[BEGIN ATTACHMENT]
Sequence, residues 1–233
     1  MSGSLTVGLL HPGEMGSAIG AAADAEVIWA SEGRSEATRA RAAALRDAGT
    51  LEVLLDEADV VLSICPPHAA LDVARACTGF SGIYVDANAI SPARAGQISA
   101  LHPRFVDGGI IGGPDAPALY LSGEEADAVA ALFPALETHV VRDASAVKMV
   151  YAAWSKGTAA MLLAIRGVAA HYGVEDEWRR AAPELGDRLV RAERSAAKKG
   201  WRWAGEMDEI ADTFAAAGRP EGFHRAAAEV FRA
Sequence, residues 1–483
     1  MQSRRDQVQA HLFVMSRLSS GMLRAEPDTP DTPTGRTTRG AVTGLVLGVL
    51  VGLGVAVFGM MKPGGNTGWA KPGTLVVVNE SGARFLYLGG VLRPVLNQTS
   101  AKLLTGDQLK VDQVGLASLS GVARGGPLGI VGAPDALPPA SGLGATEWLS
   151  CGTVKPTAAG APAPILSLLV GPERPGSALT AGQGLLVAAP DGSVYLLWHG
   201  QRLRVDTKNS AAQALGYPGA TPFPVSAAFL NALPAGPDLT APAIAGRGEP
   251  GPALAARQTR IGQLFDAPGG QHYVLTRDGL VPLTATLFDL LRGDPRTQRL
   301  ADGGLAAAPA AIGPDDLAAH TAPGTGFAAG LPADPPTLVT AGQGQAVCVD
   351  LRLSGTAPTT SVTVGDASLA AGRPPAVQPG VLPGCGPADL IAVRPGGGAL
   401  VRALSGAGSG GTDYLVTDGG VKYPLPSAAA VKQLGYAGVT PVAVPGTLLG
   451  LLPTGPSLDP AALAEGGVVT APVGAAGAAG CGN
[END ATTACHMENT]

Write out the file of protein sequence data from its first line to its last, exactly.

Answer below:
Sequence, residues 1–233
     1  MSGSLTVGLL HPGEMGSAIG AAADAEVIWA SEGRSEATRA RAAALRDAGT
    51  LEVLLDEADV VLSICPPHAA LDVARACTGF SGIYVDANAI SPARAGQISA
   101  LHPRFVDGGI IGGPDAPALY LSGEEADAVA ALFPALETHV VRDASAVKMV
   151  YAAWSKGTAA MLLAIRGVAA HYGVEDEWRR AAPELGDRLV RAERSAAKKG
   201  WRWAGEMDEI ADTFAAAGRP EGFHRAAAEV FRA
Sequence, residues 1–483
     1  MQSRRDQVQA HLFVMSRLSS GMLRAEPDTP DTPTGRTTRG AVTGLVLGVL
    51  VGLGVAVFGM MKPGGNTGWA KPGTLVVVNE SGARFLYLGG VLRPVLNQTS
   101  AKLLTGDQLK VDQVGLASLS GVARGGPLGI VGAPDALPPA SGLGATEWLS
   151  CGTVKPTAAG APAPILSLLV GPERPGSALT AGQGLLVAAP DGSVYLLWHG
   201  QRLRVDTKNS AAQALGYPGA TPFPVSAAFL NALPAGPDLT APAIAGRGEP
   251  GPALAARQTR IGQLFDAPGG QHYVLTRDGL VPLTATLFDL LRGDPRTQRL
   301  ADGGLAAAPA AIGPDDLAAH TAPGTGFAAG LPADPPTLVT AGQGQAVCVD
   351  LRLSGTAPTT SVTVGDASLA AGRPPAVQPG VLPGCGPADL IAVRPGGGAL
   401  VRALSGAGSG GTDYLVTDGG VKYPLPSAAA VKQLGYAGVT PVAVPGTLLG
   451  LLPTGPSLDP AALAEGGVVT APVGAAGAAG CGN